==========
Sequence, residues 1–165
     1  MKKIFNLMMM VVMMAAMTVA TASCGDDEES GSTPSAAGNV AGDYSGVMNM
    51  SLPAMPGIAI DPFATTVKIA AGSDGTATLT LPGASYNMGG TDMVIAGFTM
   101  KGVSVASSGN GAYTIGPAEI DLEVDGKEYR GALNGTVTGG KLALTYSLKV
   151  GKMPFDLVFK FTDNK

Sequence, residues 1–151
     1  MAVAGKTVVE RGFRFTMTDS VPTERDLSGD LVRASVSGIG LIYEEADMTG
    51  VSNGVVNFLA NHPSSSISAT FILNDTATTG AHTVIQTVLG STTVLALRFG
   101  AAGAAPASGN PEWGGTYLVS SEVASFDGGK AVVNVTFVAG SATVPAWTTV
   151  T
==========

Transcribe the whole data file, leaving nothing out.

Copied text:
Sequence, residues 1–165
     1  MKKIFNLMMM VVMMAAMTVA TASCGDDEES GSTPSAAGNV AGDYSGVMNM
    51  SLPAMPGIAI DPFATTVKIA AGSDGTATLT LPGASYNMGG TDMVIAGFTM
   101  KGVSVASSGN GAYTIGPAEI DLEVDGKEYR GALNGTVTGG KLALTYSLKV
   151  GKMPFDLVFK FTDNK

Sequence, residues 1–151
     1  MAVAGKTVVE RGFRFTMTDS VPTERDLSGD LVRASVSGIG LIYEEADMTG
    51  VSNGVVNFLA NHPSSSISAT FILNDTATTG AHTVIQTVLG STTVLALRFG
   101  AAGAAPASGN PEWGGTYLVS SEVASFDGGK AVVNVTFVAG SATVPAWTTV
   151  T